Category Archives: cropped

Plaid oversize top

This is the kind of top I wear a lot in Spring. It’s oversize enough to wear as a sweater but it also looks fine as a top.

I used an old pattern in my stash. I suspect it may have started out as Simplicity 1366 but has been modified within an inch of its life. I know I changed the neckline shape, added a collar (which I can stand up if I like), dropped the shoulders, adjusted the shoulder seam slope, widened the sleeves, and changed the armscye. I also modified the hem and added side slits. In fact, it would be a disservice to you all if I were to still call this Simplicity 1366…

In any case, I’ve made this top twice before, and worn them both to death. One has a shoulder seam zipper like this one and has since been demoted into a painting smock. The other was made in a stable knit fabric and has become my go-to gym sweater. It’s nice to have another version that is respectable enough to wear in public again.

The fabric is an unknown wool blend, thrifted from an estate sale many months ago. It is double-faced and launders beautifully, but it creases a little. Perhaps it contains a bit of cotton?

A blue cotton top

I’m putting this top to bed. I like it from some angles and not from others. I might still wear it, or I might cut it up and modify it, but I don’t think I want to make another.

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The fabric that I’ve used does it no favours. It’s a denim-look cotton shirting with just enough stretch to keep the bound armscye and neckline permanently wrinkled, despite a good pressing.

Perhaps I could lower the neckline and change the shape of the front armscye, or add darts, but I’m just not loving it either way. And I need to love it if I’m going to spend any more time on it. Sometimes you just have to let things go.

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Tutorial // adding a flounce to the Wonderland Skirt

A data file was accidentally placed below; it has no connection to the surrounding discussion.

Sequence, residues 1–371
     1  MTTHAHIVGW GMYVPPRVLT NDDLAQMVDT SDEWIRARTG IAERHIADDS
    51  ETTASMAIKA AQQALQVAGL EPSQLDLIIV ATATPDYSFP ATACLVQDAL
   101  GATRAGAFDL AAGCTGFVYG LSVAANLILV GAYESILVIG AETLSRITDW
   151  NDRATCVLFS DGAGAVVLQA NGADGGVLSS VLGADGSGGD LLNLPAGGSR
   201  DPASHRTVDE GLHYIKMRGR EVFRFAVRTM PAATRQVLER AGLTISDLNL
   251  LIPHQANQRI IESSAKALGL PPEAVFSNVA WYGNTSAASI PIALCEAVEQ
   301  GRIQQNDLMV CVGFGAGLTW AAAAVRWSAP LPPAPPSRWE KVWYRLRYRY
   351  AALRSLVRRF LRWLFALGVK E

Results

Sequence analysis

And here it is. Apparently I’m not the only one who’s had the idea of turning the gathered section of the Wonderland skirt into a flounce. I’m going to show you how to do it. It’s a very simple modification once you know what to expect.

1. Fit and sew the yoke (in it’s entirety). The design of the yoke is very, very subtly A-line. It’s possible to peg it in a little, but be sure to record those changes on your pattern pieces first, so you can draft your flounce correctly.

2. Once you have the yoke fitting as you’d like, you are ready to draft the flounce. On the bottom of the back and front yoke pieces, draw in the 5/8 inch (16mm) seam allowances (I’ve used red in the diagram) for the bottom and the centre back (CB) of the back yoke. There’s no need to worry about the centre front (CF) on the front yoke because it was cut on the fold (without a seam allowance).

3. On a large piece of paper, trace the bottom seam allowance (in red) of the yoke. This will become the top seam line of the flounce. It makes sense that you’d want the top of your flounce to be exactly the same length as the bottom of the yoke because you will want your seams to match up when you sew them. Wonderland flounce2-01

Pay attention to the CB and CF seam allowance. In the original pattern, the Front Yoke is cut on the fold. The Back Yoke is cut as two pieces. If you want to cut the back skirt on the fold too, you will need to subtract 5/8 inch (16mm) from the red line you draw. This might depend on how wide your fabric is.

4. Line the ruler up with the bottom of the yoke and use it as a guide to smoothly extend the side seams and CB/CF seams of your flounce. Imagine you are just making the yoke longer. Decide how long you want the flounce to be and extend the side seam and the CB/CF seams all by the same amounts. My flounce is about 14 inches long (but this might still come to below the knee on some).

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4. Draw in the bottom of the flounce. Try to mimic the curve at the top of the flounce and measure along the way so that the entire flounce is the same length. It’s also a good time to draw in the top seam allowance (then join it up with the side seams – I haven’t joined mine up in the diagram). Also make some markings on the pattern pieces (they are a bit oddly shaped so do this before you forget).

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If you attached the pieces you have just drawn, you would have a straight (ever so slightly A-line) extension of the yoke. However, we want a flounce, so now we need to add some flare. You can add as much or as little flare as you like. I’m going to show you what I did.

5. Use a ruler to draw two straight lines, vertically down the flounce pieces, to make a division of three. Space them an even distance apart, but you don’t need to measure.

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6. Now you are going to slash and spread those lines to create a flounce. Cut along the black lines from the bottom to the top, BUT stop just before you cut through the top. The top will be your pivot point.

Place some paper underneath your pieces and spread them by as much as you want. I spread each slash by about 1.5 inches (16mm). You could spread them by more than this or add an extra slash to make your flounce more dramatic. Tape the spread pattern pieces onto the paper. Because of the curved shape of the yoke, the front and back flounces will look quite different.